The Hospice and Palliative Care Advanced Practice Registered Nurse Workforce

Results of a National Survey

Patricia Pawlow, MSN, ACNP- BC; Constance Dahlin, MSN, ANP-BC, ACHPN, FPCN, FAAN; Caroline L. Doherty, MSN, AGACNP-BC, AACC; Mary Ersek, PhD, RN, FPCN


Journal of Hospice and Palliative Nursing. 2018;20(4):349-357. 

In This Article


Sample Demographics and Work Experience

We received 596 responses, although we deleted 40 surveys because they were returned blank. Thus, we had a final sample of 556. Table 1 summarizes the demographic characteristics of the sample. Respondents were mostly female (89.7%) and white (87.1%). Almost 60% were 50 years or older, and most (63.0%) had more than 20 years of nursing experience. Table 2 presents the sample's nursing and APRN experience. Although they were very experienced RNs, only 45% had greater than 10 years of experience as an APRN and only 21.2% had more than 10 years of experience as an HPC APRN. The sample represented 92% of the states in the United States.

Graduate Education and National Certifications

Most APRNs in the sample were NPs (86.5%) and worked exclusively with adult or gerontology patients (87.9%) (Table 3). Adult/gerontology primary care was the most common focus of NP graduate education at 46.4%. Family NPs were second at 33.2%, and only 8.1% of NP respondents were acute care prepared (adult gerontology acute and pediatric acute). As far as certification, most NPs were nationally certified in adult/gerontology primary care (53.3%). Many were certified as a family NP (34.9%). Acute care certification (adult and pediatrics) accounted for 9.9% of respondents. To account for dual certification, participants had the option to choose more than 1 national certification.

Only 10% of the sample reported that their role was primarily as a CNS. The focus of graduate education for most CNSs was adult gerontology (adult gerontology, adult, and gerontology) at 69.7%. Most CNSs were also certified in adult/gerontology (55.3%). Almost 6 of 10 participant APRNs (59.8%) reported that they have advanced certification in hospice and palliative nursing (ACHPN); of those who were certified, most (57.8%) had been certified less than 5 years.

Educational Preparation

Table 4 summarizes the educational preparation for the sample. A little more than a third (39.2%) indicated that their education had adequately prepared them for their current HPC APRN position. However, 61.5% reported that they had no palliative care content in their graduate level courses. For those who did have HPC content in their program, topics were equally distributed among pain management, symptom management, communication, cultural care, and care at the end of life. Spiritual care was covered less often than the other topics. Most respondents (88.4%) indicated that they learned about HPC through continuing education sponsored by professional organizations. Advanced practice RNs rarely participated in postgraduate fellowships (4.7%). Many comments indicated that the lack of access to fellowships and postmaster's programs was an issue.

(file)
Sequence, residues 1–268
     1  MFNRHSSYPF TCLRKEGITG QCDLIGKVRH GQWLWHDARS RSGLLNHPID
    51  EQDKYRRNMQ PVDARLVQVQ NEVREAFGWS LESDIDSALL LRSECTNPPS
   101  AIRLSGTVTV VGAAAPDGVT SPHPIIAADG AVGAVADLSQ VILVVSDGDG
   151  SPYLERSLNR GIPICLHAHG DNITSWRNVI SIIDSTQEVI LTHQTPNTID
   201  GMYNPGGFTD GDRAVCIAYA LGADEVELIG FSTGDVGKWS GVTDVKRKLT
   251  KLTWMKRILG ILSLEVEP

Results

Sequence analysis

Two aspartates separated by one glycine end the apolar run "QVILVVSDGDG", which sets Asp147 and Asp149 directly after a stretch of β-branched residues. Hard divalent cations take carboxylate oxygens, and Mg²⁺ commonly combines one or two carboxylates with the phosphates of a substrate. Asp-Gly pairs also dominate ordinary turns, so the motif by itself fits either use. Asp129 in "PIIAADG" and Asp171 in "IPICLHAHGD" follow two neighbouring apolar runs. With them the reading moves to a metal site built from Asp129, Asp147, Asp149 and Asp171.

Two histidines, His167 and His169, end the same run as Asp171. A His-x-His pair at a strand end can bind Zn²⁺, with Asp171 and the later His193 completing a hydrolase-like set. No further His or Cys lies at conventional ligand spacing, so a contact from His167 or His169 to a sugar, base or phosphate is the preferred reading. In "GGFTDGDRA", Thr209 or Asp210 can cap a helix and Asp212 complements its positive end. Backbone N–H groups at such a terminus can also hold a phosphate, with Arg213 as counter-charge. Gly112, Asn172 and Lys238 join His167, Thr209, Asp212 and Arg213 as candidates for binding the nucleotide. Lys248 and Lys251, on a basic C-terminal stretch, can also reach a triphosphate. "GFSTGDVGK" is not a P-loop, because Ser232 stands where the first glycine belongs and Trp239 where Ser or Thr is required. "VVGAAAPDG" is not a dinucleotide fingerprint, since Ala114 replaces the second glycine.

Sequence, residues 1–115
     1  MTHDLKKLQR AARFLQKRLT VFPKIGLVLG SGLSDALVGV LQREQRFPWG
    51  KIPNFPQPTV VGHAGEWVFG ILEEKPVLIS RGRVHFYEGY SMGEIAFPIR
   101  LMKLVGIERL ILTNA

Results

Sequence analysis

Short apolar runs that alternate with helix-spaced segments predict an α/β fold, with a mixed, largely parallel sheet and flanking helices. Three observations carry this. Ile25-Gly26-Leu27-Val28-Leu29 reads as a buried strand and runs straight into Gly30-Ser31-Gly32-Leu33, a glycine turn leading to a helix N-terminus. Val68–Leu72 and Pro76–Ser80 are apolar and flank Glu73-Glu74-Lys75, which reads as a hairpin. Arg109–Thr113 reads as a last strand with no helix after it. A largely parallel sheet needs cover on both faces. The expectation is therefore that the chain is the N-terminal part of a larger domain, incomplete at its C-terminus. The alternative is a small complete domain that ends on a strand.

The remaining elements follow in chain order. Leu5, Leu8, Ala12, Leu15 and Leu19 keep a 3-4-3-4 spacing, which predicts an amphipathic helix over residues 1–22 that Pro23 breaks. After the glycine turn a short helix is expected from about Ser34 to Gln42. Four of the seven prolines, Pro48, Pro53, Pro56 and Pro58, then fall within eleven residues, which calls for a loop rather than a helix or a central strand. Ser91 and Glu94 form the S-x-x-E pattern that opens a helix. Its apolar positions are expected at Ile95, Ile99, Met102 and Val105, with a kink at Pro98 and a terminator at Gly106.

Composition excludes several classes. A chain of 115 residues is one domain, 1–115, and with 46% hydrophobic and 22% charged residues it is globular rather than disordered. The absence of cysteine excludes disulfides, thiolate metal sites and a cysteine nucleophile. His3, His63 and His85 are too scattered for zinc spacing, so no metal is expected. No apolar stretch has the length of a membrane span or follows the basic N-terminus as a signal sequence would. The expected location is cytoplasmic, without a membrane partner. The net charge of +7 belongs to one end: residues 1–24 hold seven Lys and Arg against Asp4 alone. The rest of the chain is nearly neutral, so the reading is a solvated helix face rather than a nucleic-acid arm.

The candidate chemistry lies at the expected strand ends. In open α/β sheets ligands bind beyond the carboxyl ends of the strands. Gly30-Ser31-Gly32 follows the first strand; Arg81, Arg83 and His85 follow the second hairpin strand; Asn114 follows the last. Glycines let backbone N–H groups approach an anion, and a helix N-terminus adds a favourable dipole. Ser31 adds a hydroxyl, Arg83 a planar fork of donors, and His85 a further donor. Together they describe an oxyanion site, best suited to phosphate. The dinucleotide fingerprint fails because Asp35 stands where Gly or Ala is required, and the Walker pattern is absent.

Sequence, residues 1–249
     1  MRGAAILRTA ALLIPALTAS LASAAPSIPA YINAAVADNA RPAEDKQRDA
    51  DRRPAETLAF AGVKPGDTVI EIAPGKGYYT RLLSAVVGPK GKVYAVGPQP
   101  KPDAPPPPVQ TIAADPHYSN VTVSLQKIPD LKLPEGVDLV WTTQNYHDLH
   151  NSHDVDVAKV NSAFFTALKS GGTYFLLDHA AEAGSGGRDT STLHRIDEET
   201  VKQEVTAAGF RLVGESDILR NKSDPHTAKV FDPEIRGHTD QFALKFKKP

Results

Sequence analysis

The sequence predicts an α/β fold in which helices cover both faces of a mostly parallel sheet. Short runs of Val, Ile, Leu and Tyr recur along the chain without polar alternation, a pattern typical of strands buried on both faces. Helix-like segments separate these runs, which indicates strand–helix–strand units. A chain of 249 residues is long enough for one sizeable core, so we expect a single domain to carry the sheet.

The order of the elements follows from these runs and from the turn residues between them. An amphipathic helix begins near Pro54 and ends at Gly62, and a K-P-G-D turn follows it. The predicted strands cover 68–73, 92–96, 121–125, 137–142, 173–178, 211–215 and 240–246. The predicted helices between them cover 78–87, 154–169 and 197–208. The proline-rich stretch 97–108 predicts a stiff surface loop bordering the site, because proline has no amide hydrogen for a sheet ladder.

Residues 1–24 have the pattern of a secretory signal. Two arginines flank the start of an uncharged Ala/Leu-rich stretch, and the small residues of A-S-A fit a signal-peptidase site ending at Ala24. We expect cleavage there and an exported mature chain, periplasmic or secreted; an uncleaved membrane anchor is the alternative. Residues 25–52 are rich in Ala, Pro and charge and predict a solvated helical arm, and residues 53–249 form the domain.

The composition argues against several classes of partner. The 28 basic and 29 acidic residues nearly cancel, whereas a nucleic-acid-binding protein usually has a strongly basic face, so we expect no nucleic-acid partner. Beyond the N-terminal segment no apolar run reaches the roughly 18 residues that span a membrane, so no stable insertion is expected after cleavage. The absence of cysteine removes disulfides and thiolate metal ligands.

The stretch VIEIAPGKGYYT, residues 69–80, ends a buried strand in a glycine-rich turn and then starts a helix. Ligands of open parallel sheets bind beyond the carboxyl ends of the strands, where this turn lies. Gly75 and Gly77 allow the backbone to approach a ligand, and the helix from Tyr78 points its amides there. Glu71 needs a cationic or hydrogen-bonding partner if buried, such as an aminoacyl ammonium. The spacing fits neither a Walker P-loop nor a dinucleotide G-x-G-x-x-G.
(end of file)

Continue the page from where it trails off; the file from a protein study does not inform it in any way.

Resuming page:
Barriers to Practice

We were interested in uncovering potential barriers to APRN practice in HPC settings, particularly as they relate to educational preparation and regulatory issues. Overall, APRNs reported minimal barriers (Table 5). For example, only 7% reported that they faced barriers to employment based on their educational preparation, and only 10% reported that their employer required additional education for them to be able to practice. However, when asked generally about challenges to their HPC APRN practice, only 22.7% indicated that there were no challenges. Rather, more than one-third of both NPs (37.5%) and CNSs (35.3%) identified the lack of organizational understanding about their APRN role as a challenge to practice. Other common challenges reported by both NP and CNS respondents were limited scope of practice in the state in which they practiced (15.3%) and the inability to bill independently for their services (16.4%).

In general, CNSs were more likely than NPs to report barriers to practice. For example, 25% of the CNSs said that they encountered barriers in becoming credentialed or in obtaining a job in HPC because of educational preparation, compared with 5% of the NPs. In addition, a higher percentage of CNSs reported challenges with having their professional role unrecognized by their state (CNS vs NP, 17.9% vs 1.2%, respectively) or by their employer (CNS vs NP, 14.3% vs 0.4%, respectively). Nearly 29% of CNSs also responded that the inability to bill independently was a barrier, compared with only 14% of NPs. Comments by CNSs identified specific issues including the inability to do recertification visits for hospice patients and lack of recognition for the CNS role (Table 6). Nurse practitioner comments about barriers included limitations in prescribing controlled medicines, the lack of recognition of palliative care certification, the requirement that they have HPC experience to be hired, and the need for acute experience and certification to work in the hospital setting (Table 6).